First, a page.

The column that judges a book by its cover, focusing on the month’s best-designed comic covers. For the month’s best-illustrated comic covers, see Best Comic Covers Ever (This Month).
The Empty #2 by Jimmie Robinson & Ei8ht #2 by Rafael Albuquerque
Last month I featured the first issues of The Empty and Ei8ht, which both used warm/cool color schemes and had strong compositions. This month they’ve both stuck to very similar compositions as their previous issues, and have both switched to a green color scheme. I assume purely by coincidence, though one of you may want to check to see whether your office has been bugged.
When doing a series of monthly covers with a similar layout, changing the color like this is extremely important in order to avoid “did I already by this one?” syndrome. But even when changing up the colors and one area of the illustration, I would highly recommend only sticking to the layout for a single storyline at most, and then dramatically changing it up. This is a great way to signal that a new storyline, while visually tying together the individual issues within a storyline.
By contrast, if you stick to the same layout for a year or more, you increase the changes of “did I already by this one?” syndrome, not to mention readers potentially bored of looking at it. For instance, I love the cover design of Moon Knight and East Of West, but I loved them a lot more the first time I saw them, and a little less each time after. After a year of these, now I just want to see something — anything — else. That said, I probably get bored more quickly than the average reader.
Elektra #11 by Mike Del Mundo
This might be my favorite Del Mundo cover yet. It’s just so bold and striking, achieving iconic simplicity and sticking with three colors. I like the way Elektra overlaps the logo, creating depth while also making the logo look huge in comparison.
Howard The Duck #1 by Chip Zdarsky
I enjoy this cover for several reasons. There’s the dry humor, of course, but it also appeals to me because I’m drawn to comic covers that aren’t designed like comic covers. The right-aligned text is arranged very nicely, as opposed to a lot of Marvel variants that get creative with the logo placement but then throw the creator credits on in a way that looks random or arbitrary.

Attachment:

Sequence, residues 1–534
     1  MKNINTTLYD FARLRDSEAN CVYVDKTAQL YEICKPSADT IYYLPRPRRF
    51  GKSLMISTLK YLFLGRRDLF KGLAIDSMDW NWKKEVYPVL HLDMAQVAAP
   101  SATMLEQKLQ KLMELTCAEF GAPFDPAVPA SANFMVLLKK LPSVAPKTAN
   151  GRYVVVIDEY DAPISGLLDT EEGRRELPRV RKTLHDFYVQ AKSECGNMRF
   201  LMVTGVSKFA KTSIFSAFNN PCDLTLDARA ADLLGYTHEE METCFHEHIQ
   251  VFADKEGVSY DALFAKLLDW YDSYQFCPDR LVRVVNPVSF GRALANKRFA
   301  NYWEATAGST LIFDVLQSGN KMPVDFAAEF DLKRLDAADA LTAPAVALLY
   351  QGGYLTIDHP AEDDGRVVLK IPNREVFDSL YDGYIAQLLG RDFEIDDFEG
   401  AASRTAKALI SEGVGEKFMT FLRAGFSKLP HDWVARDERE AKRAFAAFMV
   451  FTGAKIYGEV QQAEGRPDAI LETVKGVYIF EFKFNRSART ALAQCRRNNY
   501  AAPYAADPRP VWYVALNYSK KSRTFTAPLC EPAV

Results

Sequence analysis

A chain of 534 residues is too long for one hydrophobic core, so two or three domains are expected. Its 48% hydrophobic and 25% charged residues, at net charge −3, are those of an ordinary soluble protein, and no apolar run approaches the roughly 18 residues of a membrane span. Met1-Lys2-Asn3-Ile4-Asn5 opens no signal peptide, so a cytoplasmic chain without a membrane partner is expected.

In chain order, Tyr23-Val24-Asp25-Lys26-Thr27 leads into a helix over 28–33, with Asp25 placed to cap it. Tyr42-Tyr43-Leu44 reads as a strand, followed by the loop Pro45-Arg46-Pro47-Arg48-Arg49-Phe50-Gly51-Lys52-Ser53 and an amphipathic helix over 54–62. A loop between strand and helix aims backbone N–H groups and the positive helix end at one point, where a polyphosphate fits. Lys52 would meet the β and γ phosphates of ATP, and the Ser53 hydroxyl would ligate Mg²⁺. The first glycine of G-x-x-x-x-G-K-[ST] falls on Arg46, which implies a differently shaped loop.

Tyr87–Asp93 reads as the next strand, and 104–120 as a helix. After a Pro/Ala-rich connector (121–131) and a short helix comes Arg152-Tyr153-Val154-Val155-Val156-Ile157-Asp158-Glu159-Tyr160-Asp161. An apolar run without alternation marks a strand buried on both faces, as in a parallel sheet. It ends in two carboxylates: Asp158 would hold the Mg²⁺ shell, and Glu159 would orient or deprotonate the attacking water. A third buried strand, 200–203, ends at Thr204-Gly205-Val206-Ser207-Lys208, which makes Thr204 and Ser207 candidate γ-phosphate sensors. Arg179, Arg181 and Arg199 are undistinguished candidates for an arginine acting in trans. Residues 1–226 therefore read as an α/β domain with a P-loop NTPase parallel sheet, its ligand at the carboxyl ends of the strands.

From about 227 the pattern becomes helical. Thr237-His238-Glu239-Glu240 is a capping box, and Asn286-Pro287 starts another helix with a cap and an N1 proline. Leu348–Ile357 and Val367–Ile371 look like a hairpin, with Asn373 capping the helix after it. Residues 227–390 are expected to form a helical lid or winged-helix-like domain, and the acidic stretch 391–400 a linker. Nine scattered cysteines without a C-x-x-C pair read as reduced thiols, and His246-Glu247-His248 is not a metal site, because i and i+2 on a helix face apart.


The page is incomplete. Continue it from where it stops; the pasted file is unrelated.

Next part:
Also, notice that “001 Variant Edition” has been stacked on the Marvel logo to create a block, and the block is the same height as and lines up with the bar code. Arranging elements so they line up in a pleasing way is something I don’t see enough in comic cover design.
Coffin Hill #16 by Dave Johnson
Remember what I said just a moment ago about design/text elements not lining up in a pleasing way? Yeah. But let’s just pretend those aren’t there. The illustration itself is very nicely designed, looking sort of like Johnson’s take on what Robinson did with his covers for The 7th Sword. I like how the placement of the bottom image suggests that the house is machine churning through bodies. The bottom and top image are also connected by the red windows, which hint that the bottom image is a reflection of what’s inside. A nice touch.
Ant-Man #3 by Cliff Chiang
I keep having to remind myself this is issue #3, but the image seems so iconic it looks like a first issue. It visually represents his power in a well designed way, and the colors push him forward. Really solid.
Uncanny X-Men #32 by Phil Noto
I think this is the last of the variants from Noto month? These covers were a breath of fresh air, looking so different from anything else out there.
If I had one complaint, it’s that the speed at which Noto no doubt had to pump these out resulted in some repetition in designs. For example, I got a little tired of seeing “the figure on the right is partially cropped and out of focus”:
If I had a second complaint, it’s that too many of the covers reflected bad design from various eras rather than just sticking with good design from each.
That said, the Uncanny X-Men #32 cover above is one of my favorites, because the logo and its placement looks retro in a timeless way that would work as a permanent logo for the series.
I also liked this Daredevil cover, because I think the “DD” in the corner (minus the word “Daredevil”) would work great as a modern logo for the series.
And there’s something about Deadpool’s logo being in plain black-on-white Helvetica that makes me laugh, but maybe I’m just odd.
God Hates Astronauts #6 by Tradd Moore
Liefeld wept! This isn’t a Noto cover, but I had to save the best for last. I saw this, and my brain instantly overloaded. Even the guns have pouches! I just have no words. So I’ll end it here for now.
Mild-mannered UI/UX designer by day and freelance writer/artist by night, nothing can stop Kate Willaert in her quest to analyze everything in geek culture. She also writes about video game history for GameHistory.org.